The only hitch was that somewhere along the route from kitchen to table, a considerable quantity of that tasty butter spilled, engulfing the mountain of rock salt upon which the oysters had been perched, effectively camouflaging it. Of course, I had no idea what lay at the bottom of the pool until I tasted an unfortunate mouthful of what I thought was provided as an accompanying condiment. Shoulda known better. And a regrettable waste of delectable sambal butter to boot. Fortunately, there was still plenty remaining on top of the oysters, all covered with sauce.

Wild Dandelion Greens Salad with white anchovies and parmigiana cheese bathed in a lemony dressing.

Ducka Ducka Banh Mi – a successful cross-cultural combo: Peking duck and duck rillettes, carrots and cucumber with sambal hoisin mayo.

Roasted Bone Marrow with rosemary grapefruit marmalade and crispy toasted slices of French baguette.

Salt Baked Potato with smoked black cod, crème fraîche, and caviar.

Sounds like holiday food to me!

Old Luo Yang

Instagram Post 9/30/2019

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Many years ago, when I was investigating every single vendor (🐷🤷‍♂️) in the New World Mall Food Court, 136-20 Roosevelt Ave, Flushing, for my food tours, I was intrigued by the options at stall number 4, Old Luo Yang (Luòyáng is a city in Henan province). The phrase “Processed Noodle” grabbed my attention; seems like it was intended to describe Liang Pi (Cold Skin) Noodles which do indeed involve an elaborate process in their preparation: make a flour and water dough, irrigate it with more water, rinse it, discard the dough reserving the liquid, let it rest overnight to form a precipitate, dispose of the topmost liquid, pour remaining paste onto a tray, steam over boiling water, and slice into noodles. And that, dear reader, is a gross oversimplification.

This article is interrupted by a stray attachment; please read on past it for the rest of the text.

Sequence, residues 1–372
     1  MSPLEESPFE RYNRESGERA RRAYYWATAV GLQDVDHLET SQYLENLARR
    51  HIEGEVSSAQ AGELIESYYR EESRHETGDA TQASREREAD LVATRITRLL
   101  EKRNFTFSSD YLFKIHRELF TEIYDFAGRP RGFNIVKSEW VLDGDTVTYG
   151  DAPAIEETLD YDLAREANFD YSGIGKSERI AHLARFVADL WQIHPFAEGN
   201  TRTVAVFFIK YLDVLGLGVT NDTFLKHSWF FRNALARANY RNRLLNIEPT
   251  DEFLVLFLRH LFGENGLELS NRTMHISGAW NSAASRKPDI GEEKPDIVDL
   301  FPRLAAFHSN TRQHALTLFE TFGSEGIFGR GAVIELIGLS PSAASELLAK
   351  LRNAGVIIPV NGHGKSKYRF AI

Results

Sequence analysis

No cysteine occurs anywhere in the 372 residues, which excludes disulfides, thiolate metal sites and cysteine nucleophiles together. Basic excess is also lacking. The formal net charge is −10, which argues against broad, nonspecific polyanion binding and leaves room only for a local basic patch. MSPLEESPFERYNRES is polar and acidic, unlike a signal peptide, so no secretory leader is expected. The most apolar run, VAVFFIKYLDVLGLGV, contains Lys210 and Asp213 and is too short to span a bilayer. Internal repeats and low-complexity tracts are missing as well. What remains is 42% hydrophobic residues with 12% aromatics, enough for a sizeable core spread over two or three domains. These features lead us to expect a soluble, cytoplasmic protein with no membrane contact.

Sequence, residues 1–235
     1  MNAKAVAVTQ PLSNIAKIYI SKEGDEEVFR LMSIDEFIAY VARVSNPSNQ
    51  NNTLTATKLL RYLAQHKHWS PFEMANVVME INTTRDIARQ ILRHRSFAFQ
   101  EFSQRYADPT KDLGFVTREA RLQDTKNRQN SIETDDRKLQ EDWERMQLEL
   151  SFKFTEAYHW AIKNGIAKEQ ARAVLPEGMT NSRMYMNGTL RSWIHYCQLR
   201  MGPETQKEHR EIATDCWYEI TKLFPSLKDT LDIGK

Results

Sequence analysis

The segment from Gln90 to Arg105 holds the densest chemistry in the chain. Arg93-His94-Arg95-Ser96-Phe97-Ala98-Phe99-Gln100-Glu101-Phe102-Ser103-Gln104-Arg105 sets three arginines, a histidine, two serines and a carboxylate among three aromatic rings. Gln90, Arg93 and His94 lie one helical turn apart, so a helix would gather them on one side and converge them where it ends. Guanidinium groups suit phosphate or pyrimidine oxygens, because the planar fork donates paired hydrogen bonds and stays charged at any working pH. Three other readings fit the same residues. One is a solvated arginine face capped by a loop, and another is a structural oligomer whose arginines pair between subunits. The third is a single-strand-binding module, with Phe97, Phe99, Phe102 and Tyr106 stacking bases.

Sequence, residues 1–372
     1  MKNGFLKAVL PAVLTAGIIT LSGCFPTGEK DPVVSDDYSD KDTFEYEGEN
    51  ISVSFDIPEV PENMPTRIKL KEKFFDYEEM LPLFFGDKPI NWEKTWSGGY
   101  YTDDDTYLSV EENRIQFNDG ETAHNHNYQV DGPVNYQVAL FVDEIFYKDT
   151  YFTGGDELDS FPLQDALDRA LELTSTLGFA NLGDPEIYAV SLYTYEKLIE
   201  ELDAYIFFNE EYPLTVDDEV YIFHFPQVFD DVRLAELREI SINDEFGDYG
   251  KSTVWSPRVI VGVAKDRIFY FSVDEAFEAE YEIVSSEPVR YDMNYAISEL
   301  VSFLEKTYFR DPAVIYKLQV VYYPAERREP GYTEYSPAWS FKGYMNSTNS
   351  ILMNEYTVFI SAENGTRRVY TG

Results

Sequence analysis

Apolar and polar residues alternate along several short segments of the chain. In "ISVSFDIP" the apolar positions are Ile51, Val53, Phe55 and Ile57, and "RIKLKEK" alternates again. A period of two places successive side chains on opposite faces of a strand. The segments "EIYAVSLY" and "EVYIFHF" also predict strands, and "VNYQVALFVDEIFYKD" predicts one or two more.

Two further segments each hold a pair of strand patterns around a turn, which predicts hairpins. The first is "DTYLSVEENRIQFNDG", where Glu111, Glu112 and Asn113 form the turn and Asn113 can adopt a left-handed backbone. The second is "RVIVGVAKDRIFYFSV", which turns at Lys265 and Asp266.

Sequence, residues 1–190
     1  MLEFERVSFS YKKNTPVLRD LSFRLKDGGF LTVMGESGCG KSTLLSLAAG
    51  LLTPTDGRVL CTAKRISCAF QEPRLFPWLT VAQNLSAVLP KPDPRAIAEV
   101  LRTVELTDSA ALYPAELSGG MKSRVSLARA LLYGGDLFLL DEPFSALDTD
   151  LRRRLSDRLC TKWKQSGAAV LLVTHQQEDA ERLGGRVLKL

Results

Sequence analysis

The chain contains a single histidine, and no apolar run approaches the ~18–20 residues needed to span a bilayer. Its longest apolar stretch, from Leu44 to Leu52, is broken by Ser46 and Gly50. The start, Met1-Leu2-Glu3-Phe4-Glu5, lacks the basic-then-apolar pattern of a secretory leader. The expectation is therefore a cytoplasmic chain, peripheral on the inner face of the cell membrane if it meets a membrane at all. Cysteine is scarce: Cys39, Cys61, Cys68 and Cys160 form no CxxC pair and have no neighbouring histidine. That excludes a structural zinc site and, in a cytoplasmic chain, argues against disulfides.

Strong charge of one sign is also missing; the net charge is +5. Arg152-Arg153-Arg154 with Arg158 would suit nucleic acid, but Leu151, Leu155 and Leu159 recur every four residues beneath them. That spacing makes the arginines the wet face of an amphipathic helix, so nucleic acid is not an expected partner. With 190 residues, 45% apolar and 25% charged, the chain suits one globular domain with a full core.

For all that effort, the resulting noodles don’t have much flavor of their own; it’s more about what you do with them and every vendor/restaurant has a different strategy. Their flagship dish, Old Luo Yang Processed Noodle, arrives on a flat plate with so much (absolutely delicious) sauce, that it invariably spills onto the tray, and spills significantly. Mess notwithstanding, however, I strongly suggest that if it’s your first time here, that’s the one to order.